Mixed BillSong of the Earth and Symphony in C
Posted 26 November 2006 - 09:36 AM
Posted 26 November 2006 - 07:16 PM
Symphony in C was well done and looked very well rehearsed. The corps was nice as crisp and the principals were "on". Only Jennifer Fournier (substituting for Chan Hon Goh) in the third movement looked a little tense. Especially in the finale, she had difficulty keeping up with the tempo. In the 1st movement, Greta Hodgkinson and Aleksandar Antonijevic gave a confident and dazzling performance, which we have come to expect from them. I loved Sonia Rodriguez in the 4th movement. She was full of energy and her movements were clean and articulate. I was dissapointed about the last minute cast change. I heard great things about Goh and Konvalina's 3rd movement.
Posted 27 November 2006 - 09:49 AM
I would say in Europe, "Das Lied von der Erde" as in the MacMillan ballet is considered a masterwork. It does need the right cast and coaching. But as they say in Europe and some parts of Canada, "chacun à son goût".
Posted 27 November 2006 - 11:50 AM
Posted 27 November 2006 - 01:20 PM
This was my first time seeing "Song of the Earth" and I think a second (third, fourth...) viewing would be beneficial. It's hard to take it all in at once. Interestingly, a few parts of the choreography reminded me of different Balanchine ballets- Apollo, Prodigal Son, Rubies, and Serenade.
Posted 27 November 2006 - 01:42 PM
Posted 27 November 2006 - 02:31 PM
I saw “Gloria” many years ago when the Royal Ballet came to Toronto and was completely blown away by the ballet. I rushed out the next day to buy tickets for another performance. Jennifer Penny, Julian Hosking and Wayne Eagling were the dancers for those performances and I can remember all these years later just how wonderful they were. That last moment of the ballet when the lone soldier stands at the top of the trench and looks back at the audience and then drops out of sight was chilling....it made palpable the sense of loss, of countless young lives destroyed. A whole generation gone. When the National Ballet scheduled the ballet several years ago, I told all my friends they just had to see it because it was so great. But when the company performed it the ballet just didn’t have the same impact for me. I’m not sure if the coaching was faulty or if the dancers just didn’t get it. Perhaps the music and the history resonates more deeply with the British and the Royal Ballet dancers could feel a real emotional attachement to it. Who knows.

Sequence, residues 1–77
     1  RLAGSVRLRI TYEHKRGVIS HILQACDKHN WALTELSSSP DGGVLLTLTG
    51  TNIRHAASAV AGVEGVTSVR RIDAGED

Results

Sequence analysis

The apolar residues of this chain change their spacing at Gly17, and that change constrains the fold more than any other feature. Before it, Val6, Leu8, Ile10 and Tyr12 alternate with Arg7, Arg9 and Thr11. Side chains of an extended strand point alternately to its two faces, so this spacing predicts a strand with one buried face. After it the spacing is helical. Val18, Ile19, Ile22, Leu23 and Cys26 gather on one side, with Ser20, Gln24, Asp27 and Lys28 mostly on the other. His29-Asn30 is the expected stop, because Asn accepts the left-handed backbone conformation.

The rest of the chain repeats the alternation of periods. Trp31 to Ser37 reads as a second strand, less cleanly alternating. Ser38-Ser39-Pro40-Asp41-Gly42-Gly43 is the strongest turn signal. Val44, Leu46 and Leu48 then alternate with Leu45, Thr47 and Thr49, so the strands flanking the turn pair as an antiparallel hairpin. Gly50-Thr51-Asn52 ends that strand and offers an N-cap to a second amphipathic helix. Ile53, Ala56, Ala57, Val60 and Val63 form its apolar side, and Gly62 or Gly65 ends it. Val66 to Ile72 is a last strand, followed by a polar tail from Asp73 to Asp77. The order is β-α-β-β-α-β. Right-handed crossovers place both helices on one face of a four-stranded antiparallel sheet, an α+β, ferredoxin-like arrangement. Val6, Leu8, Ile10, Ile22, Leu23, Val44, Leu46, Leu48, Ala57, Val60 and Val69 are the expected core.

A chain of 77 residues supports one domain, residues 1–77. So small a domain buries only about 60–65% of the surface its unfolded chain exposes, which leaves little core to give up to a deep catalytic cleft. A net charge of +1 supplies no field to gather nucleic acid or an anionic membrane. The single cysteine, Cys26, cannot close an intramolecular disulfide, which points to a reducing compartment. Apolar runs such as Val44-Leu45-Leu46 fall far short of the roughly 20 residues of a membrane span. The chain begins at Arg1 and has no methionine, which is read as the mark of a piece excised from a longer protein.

Posted 27 November 2006 - 03:02 PM
Posted 27 November 2006 - 03:46 PM
Although both Penney and Eagling are Canadian born their ballet influence as graduates of the Royal Ballet School from where they joined the Royal Ballet and had long careers with that company, makes them particularly British dancers by experience. Eagling I believe may in fact be American by nationality as that is certainly where his family lived. Both dancers had fairly wide associations with MacMillan's choreography.
I remember The Song of the Earth's first performance with the Royal Ballet and its impact on the audience
was extraordinary. Marcia Haydee danced the lead with Donald Macleary and Anthony Dowell and Jennifer Penney was in that cast. It is a difficult ballet to successfully stage, as the three leading roles need outstanding expressive dancers to make it work and the soloists and corp de ballet also need to expressive in a way that is not always easy to achieve.
Whilst Gloria for me in successive RB performances has never achieved the intensity of the first cast nor has
The Song of the Earth and I have seen a number of casts in these ballets. It is often the case that choreographers are naturally influenced by their original casts and tailor the roles (in part) to their particular gifts.
Posted 27 November 2006 - 04:14 PM
Posted 27 November 2006 - 04:27 PM
Perhaps I did not express myself clearly, but in fact I agree with you completely that the training and professional experience of Penney and Eagling, rather than their nationality, made then convincing interpreters of the Royal Ballet repertoire, particularly the ballets of MacMillan.
Posted 27 November 2006 - 05:02 PM
Regarding Eagling's citizenship, it may be possible that he became a dual citizen at birth or as a child -- unless he was born to foreign diplomats on Canadian soil, he should have been a Canadian citizen by birth -- and by the time he joined the Royal Ballet, the Justice Department had decided, based on a late 60's Supreme Court decision on dual citizenship, not to make him choose.
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